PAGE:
# [sdiy] 1-quadrant multiplier with 2164

Rutger Vlek rutgervlek at gmail.com
Tue Jan 18 11:42:56 CET 2022

```Hi all,

@David: thanks for the quick and detailed solution! I'm glad you took into
account the linearization as well, as I'll need that too. One thing in your
solution caught my eye, and that is that you're summing signals in front of
the 2164's input. I know you can sum signals on the input of the I-V
convertor, but did not know it could be done even earlier, before the 2164.
Are you sure it would not cause interactions between the summed signals
(i.e. can the input of the 2164 also be considered virtual ground)?

multipliers. Here's how I understand it:

- A 4-quadrant multiplier is capable of taking into account the magnitude
and sign (+ or -) of both (biplolar) inputs and flip the output according
to both signs (as in normal math multiplications). This would be the case
for a ring modulator

- A 2-quadrant multiplier can take into account the magnitude of both
inputs, but only the sign of 1 input (the second input should be unipolar
and cannot sign-flip the output). This would be the case for a normal audio
VCA.

- A 1-quadrant multiplier can take into account only the magnitude of both
inputs, and not deal with either of the signs to cause sign-flipping of the
output. In the common case this requires two unipolar signals, but I feel
my case of a bipolar wave of which the amplitude is decreased up to it's
lower bound also fits this... what do you think?

Rutger

Op di 18 jan. 2022 om 02:48 schreef David G Dixon <dixon at mail.ubc.ca>:

> Hi Rutger,
>
> It is really easy to do what you want to do.
>
> If I understand you correctly, for an input signal of 10Vpp centred on 0V,
> you basically want the output signal to grow from a baseline of -5V, so
> that when the VCA is off, the output is -5V DC, at 50% gain, the output is
> 5Vpp from -5V to 0V, and at 100% the output is 10Vpp from -5V to +5V.
>
> Let's assume that you have built the standard linearized VCA circuit and
> that you have good 5V and -5V reference voltages available.  Presuming that
> your input resistor into the amplifying 2164 VCA is 30k, and the feedback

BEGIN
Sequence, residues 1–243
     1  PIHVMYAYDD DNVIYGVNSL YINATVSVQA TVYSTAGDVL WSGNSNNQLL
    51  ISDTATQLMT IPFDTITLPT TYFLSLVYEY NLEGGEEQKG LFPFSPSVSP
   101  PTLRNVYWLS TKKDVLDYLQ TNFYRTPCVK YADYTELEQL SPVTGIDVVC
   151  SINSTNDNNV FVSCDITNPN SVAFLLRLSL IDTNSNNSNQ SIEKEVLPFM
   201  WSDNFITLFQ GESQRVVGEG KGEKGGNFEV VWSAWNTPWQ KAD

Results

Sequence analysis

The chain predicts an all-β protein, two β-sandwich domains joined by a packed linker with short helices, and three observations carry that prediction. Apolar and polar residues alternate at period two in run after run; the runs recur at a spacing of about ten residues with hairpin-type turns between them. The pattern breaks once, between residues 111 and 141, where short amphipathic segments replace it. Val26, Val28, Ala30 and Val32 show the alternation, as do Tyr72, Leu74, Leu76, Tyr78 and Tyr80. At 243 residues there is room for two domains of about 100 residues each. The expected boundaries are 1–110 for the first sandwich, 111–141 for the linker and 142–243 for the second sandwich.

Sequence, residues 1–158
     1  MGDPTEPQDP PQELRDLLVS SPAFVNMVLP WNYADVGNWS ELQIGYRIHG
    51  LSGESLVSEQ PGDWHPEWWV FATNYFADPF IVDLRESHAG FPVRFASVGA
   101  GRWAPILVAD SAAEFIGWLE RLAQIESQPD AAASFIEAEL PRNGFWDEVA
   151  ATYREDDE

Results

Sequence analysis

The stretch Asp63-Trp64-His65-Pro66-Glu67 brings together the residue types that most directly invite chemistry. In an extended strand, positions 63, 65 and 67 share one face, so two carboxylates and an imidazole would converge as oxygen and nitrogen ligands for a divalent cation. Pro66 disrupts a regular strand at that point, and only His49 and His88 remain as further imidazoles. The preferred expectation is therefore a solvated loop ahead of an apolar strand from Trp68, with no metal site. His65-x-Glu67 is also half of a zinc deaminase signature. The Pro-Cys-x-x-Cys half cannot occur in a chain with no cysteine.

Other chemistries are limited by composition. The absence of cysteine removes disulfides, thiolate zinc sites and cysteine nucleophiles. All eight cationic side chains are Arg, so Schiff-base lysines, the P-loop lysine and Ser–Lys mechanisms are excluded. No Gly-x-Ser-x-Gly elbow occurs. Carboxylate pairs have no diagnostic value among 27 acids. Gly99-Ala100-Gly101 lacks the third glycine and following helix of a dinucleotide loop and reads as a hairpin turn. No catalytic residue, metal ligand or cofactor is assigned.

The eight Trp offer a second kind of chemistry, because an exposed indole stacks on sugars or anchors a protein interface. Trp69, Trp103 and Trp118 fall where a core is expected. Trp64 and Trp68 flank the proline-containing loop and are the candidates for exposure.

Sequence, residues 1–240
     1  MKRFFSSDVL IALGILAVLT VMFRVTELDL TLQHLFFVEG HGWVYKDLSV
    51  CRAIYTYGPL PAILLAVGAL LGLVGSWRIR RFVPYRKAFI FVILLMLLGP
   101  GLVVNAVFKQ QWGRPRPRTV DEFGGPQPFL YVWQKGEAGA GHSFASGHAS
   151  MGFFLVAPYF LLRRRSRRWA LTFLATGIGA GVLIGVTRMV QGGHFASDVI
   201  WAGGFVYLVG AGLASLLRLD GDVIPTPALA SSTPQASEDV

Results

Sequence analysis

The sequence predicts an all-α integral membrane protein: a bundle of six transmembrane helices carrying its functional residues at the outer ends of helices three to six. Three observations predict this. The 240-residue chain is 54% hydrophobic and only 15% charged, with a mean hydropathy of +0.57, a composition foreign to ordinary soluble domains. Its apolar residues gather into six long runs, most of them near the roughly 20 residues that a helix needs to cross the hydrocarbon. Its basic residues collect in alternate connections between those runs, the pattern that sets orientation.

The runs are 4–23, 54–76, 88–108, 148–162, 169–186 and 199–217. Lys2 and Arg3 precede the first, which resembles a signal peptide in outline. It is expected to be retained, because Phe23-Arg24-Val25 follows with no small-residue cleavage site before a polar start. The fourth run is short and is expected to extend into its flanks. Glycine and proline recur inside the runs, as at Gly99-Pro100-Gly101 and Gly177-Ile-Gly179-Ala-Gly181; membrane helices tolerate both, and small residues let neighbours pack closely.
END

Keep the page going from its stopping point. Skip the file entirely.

> resistor on the I-V converting opamp is also 30k, then all you have to do
> is this:  Sum -5V into the 2164 VCA, in parallel with the input signal,
> through a 30k resistor, and sum +5V into the I-V converter also through a
> 30k resistor.  The +5V into the I-V converter will apply a constant bias of
> -5V to the output signal.  The -5V into the VCA will counteract this bias
> in proportion to the VCA's gain, such that, then the VCA is off, the bias
> is -5V, and when the VCA is at unity gain, the bias is 0V.
>
> Easy peasy, lemon squeezy.  Schematic attached.
>
> Cheers,
> Dave Dixon
> ------------------------------
> *From:* Synth-diy [mailto:synth-diy-bounces at synth-diy.org] *On Behalf Of *Rutger
> Vlek via Synth-diy
> *Sent:* Monday, January 17, 2022 1:04 PM
> *To:* SDIY List
> *Subject:* [sdiy] 1-quadrant multiplier with 2164
>
> [*CAUTION:* Non-UBC Email]
> Dear all,
>
> I think i need a bit of wisdom from the 2164 guru's around here. The case
> is as follows:
> I'm in need of a 1-quadrant multiplier (VCA) that works on a bipolar
> signal. The input would be a 10Vpp triangle wave centered around 0V. The
> output should be the same with the VCA fully open, but... when closing I
> would like to reduce the level with respect to the -5V power bound, so that
> a VCA half-open would result in a triangle of half the amplitude, sitting
> between -5V and 0V and a fully closed VCA would give -5V DC.
>
> Of course I could level-shift both input and output of a 2164 bases VCA,
> but I feel it could be simpler. Would it work to connect a -5V signal to
> the ground pin of a 2164? And would that also require a shifted control
> voltage?
>
> Regards,
>
> Rutger
>
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